A study has found that some people are able to clear the Covid-19 virus quickly due to strong immune response from existing T-cells, which could lead to a new generation of vaccine development.
In a study published in Nature, researchers found that individuals with potential exposure to Covid-19 do not necessarily develop PCR or antibody positivity, suggesting some may clear sub-clinical infection before seroconversion.
T-cells can contribute to the rapid clearance of SARS-CoV-2 and other coronavirus infections. The researchers hypothesised that pre-existing memory T-cell responses, with cross-protective potential against SARS-CoV-2, would expand in vivo to support rapid viral control, aborting infection.
Leo Swadling, an immunologist at University College London and lead author of the paper, told The Guardian: “Everyone has anecdotal evidence of people being exposed but not succumbing to infection. What we didn’t know is whether these individuals really did manage to completely avoid the virus or whether they naturally cleared the virus before it was detectable by routine tests.”
Researchers measured SARS-CoV-2-reactive T-cells of healthcare workers at the beginning of the pandemic. Despite being exposed to the virus, some of them did not test positive. It was noted that some of them had also developed significant T-cell responses after exposure but produced negative PCR tests and did not possess antibodies. It appears that these individuals were experiencing ‘abortive infection’ where the virus was entering the body but being cleared by T-cells very quickly.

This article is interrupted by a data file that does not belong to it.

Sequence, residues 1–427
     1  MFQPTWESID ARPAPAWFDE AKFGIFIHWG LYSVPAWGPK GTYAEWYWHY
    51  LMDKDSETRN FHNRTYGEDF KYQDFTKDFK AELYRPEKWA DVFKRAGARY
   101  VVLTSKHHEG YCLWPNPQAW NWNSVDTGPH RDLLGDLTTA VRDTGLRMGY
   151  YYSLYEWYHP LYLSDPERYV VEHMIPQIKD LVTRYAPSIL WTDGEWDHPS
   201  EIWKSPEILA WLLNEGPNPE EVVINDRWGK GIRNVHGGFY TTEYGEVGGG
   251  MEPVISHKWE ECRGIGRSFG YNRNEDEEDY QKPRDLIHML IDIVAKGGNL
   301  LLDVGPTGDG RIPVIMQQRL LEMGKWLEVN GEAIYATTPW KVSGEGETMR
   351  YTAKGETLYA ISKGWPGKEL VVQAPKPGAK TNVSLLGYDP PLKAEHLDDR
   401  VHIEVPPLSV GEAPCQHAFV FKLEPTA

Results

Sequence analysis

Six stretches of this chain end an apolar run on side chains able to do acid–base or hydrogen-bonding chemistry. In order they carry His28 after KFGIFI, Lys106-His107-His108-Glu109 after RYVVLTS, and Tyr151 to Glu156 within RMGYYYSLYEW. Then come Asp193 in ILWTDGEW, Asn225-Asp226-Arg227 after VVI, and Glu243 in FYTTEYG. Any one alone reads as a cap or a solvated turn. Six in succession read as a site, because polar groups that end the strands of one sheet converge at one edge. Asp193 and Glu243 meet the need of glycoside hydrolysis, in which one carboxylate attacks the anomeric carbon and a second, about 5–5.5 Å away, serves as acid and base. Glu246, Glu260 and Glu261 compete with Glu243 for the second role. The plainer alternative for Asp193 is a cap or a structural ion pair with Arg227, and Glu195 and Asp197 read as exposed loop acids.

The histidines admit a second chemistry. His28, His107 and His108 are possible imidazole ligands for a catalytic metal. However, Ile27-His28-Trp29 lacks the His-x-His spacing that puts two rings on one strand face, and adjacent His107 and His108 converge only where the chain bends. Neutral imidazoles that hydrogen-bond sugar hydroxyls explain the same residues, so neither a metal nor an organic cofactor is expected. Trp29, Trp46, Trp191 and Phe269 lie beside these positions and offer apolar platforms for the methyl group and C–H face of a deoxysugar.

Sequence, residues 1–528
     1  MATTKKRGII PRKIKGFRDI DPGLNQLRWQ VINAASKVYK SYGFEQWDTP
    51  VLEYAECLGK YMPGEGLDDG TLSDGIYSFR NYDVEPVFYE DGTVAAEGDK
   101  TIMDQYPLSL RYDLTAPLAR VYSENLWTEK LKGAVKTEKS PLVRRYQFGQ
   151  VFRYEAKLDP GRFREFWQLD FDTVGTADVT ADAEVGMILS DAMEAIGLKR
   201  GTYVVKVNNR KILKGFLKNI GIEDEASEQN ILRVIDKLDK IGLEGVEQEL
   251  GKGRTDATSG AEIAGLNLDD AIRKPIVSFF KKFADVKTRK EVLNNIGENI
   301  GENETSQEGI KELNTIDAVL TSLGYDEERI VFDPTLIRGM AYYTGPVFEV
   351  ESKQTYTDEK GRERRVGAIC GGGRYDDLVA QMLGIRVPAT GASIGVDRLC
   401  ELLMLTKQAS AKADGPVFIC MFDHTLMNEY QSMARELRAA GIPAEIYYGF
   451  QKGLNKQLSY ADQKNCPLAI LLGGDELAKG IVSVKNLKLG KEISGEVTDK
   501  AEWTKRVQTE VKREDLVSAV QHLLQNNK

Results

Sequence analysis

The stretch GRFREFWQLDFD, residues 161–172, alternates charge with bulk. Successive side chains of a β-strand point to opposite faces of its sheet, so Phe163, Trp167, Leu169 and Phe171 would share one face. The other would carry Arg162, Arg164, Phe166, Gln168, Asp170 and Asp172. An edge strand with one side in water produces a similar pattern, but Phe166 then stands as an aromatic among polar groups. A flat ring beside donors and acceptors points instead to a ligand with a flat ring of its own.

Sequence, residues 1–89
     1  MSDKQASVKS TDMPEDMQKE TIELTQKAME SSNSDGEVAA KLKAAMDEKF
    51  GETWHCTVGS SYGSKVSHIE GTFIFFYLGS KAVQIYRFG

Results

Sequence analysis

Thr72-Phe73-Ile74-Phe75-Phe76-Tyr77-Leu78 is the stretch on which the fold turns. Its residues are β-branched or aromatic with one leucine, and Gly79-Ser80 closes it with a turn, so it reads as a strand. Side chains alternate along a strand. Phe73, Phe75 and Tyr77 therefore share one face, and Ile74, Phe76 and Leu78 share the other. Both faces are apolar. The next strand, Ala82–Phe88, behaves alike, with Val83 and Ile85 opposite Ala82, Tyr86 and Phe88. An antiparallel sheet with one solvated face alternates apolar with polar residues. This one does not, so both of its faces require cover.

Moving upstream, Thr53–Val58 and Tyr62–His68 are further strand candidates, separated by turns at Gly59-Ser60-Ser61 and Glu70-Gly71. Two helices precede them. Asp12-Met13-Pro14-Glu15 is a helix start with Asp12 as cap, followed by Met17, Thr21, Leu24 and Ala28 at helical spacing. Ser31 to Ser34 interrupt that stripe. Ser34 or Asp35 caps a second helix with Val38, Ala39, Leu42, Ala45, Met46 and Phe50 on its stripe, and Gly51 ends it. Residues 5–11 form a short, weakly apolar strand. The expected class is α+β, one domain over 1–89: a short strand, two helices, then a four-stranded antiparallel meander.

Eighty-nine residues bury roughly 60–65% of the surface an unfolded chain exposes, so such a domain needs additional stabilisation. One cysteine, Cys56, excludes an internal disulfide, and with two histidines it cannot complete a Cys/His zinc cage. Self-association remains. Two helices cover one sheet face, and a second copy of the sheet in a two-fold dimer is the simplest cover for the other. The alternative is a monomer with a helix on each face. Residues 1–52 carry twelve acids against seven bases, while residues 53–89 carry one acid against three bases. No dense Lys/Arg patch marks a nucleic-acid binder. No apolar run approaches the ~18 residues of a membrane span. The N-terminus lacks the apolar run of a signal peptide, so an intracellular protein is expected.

Speaking to the Guardian, Alexander Edwards, associate professor in biomedical technology at the University of Reading, said: “This study identifies [a new] intermediate outcome – enough virus exposure to activate part of your immune system but not enough to experience symptoms, detect significant levels of virus or mount an antibody response.”
He added: “Insights from this study could be critical in design of a different type of vaccine…A vaccine that primes T-cell immunity against different viral protein targets that are shared between many different coronaviruses would complement our spike vaccines that induce neutralising antibodies. Because these are components within the virus, antibodies are less effective – instead, T-cells come into play.”
The study’s authors include: Mariana Diniz, Nathalie Schmidt, Oliver Amin, Aneesh Chandran, Emily Shaw, Mahdad Noursadeghi and Antonio Bertoletti. It can be accessed here.